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Charter School Unionization in Massachusetts
posted by: Cindy Omlin | June 07, 2011, 05:20 PM   

The Commonwealth of Massachusetts has been in the news recently over the attempted unionization of a small charter school on Cape Cod. Lighthouse Charter School was once the pride of the area; unfortunately due to some growing pains and administrator turnover the school was at a crossroads that made it vulnerable to a "card-check" unionizing effort. Some teachers are questioning the legality of unionization without an election. Regardless of the outcome at Lighthouse, any attempt to unionize a successful charter school initiates a necessary conversation about what unionization could mean to the overall charter environment in Massachusetts and elsewhere.

Unionization of charter schools is a very real threat to the innovative, flexible environment charter schools are designed to cultivate. 604 charter schools (12 percent) operate with unions, according to the National Alliance for Public Charter Schools. Even that low number is surprising, considering charter schools were intended to operate without bureaucratic red tape and onerous negotiated agreements, in an environment where administration has the ability to implement changes based upon the best interests of the students, not the needs of adults.

Charter schools often succeed (in fact, if they don't succeed, they close their doors) and enjoy the support of President Barack Obama and Secretary of Education Arne Duncan. As a result, the unions are tired of being left out of the process and have started to organize schools. In some cities the union publicly admits that the effort to unionize is actually an effort to destroy. Sadly, teachers who are promised better pay and improved working conditions can only be guaranteed lengthy contracts, contributions to partisan politics, and an adversarial relationship between faculty and staff. In fact, there seems to be no faster way of stifling the progressive and collaborative environments of charter schools than to unionize them.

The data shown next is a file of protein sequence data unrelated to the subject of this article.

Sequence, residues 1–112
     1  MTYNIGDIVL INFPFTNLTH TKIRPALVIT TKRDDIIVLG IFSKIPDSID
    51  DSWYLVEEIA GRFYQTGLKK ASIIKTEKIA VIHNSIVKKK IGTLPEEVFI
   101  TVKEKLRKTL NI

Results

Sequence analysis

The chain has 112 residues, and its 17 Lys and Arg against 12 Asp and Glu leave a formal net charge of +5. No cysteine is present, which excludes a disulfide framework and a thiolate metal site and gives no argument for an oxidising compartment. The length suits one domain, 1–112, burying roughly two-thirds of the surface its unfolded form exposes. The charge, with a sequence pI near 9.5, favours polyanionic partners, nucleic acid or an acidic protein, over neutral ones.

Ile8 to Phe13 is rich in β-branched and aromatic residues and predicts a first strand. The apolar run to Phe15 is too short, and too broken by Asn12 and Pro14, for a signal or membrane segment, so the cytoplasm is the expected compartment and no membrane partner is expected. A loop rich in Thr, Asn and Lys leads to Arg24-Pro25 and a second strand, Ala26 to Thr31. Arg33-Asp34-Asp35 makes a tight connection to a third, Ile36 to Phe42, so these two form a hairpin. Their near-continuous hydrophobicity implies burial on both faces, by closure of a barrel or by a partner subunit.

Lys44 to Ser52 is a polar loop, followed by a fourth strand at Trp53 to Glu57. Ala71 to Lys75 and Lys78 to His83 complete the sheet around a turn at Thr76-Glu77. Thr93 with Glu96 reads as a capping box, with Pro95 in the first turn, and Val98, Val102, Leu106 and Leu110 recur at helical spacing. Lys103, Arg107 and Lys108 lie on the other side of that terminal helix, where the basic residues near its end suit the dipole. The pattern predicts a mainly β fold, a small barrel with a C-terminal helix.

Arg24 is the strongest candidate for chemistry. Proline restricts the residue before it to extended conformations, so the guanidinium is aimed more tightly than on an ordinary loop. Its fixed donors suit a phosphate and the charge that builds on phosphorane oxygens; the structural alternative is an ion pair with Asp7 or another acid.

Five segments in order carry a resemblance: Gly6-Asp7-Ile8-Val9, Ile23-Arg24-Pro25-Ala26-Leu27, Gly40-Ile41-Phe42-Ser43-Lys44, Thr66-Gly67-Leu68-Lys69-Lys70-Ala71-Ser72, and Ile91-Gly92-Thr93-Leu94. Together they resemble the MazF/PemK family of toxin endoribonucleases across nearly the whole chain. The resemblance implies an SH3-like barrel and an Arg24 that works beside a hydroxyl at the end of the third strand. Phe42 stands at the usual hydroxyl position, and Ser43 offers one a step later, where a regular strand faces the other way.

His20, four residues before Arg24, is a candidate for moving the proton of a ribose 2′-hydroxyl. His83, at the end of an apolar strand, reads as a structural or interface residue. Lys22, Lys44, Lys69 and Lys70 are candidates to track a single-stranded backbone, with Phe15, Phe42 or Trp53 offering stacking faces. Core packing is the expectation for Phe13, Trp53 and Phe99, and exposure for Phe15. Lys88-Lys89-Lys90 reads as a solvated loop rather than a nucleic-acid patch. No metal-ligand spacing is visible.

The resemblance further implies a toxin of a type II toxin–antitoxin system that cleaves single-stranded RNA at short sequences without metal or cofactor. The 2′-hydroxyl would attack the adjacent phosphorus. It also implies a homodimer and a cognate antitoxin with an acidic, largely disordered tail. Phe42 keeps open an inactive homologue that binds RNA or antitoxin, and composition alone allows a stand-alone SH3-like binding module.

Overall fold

It is understandable for educators to worry about their continued employment under new leadership or to wonder how the system works without the union in the middle of the process, but teachers deserve to know their options before they commit to union. Another charter school in Massachusetts is learning their lesson after being unionized three years ago by the American Federation of Teachers (AFT). Teachers at Brighton's Conservatory Lab Charter School are growing frustrated over the AFT's frequent attacks on the academic accomplishments of charter schools and last year's unsuccessful campaign by the union to block an aggressive expansion of charter schools. In fact, many of the teachers who supported the union have since left the school and the union reports low attendance at meetings. "How can a group that has been so critical and not want the existence of charter schools now want to unionize teachers — what is their real motive?'' said Kevin Andrews, president of the Massachusetts Charter Public School Association. "Is their motive to destroy charter schools from the inside?''

Hopefully Brighton's Conservatory Lab Charter School's experience will serve as a warning to other charter school administrators and teachers encountering a union organizing effort. Charter school teachers across the country are finding that joining a non-union association is the best way to protect their education careers without compromising the charter school culture. Teachers receive the liability insurance and legal support they need, but don't have to fund a political machine that opposes the very schools that employ them. Moreover, they belong to an association that supports the charter school movement.

What do you think about unions organizing at charter schools?
Comment below.
Originally posted by Alix at AAE.

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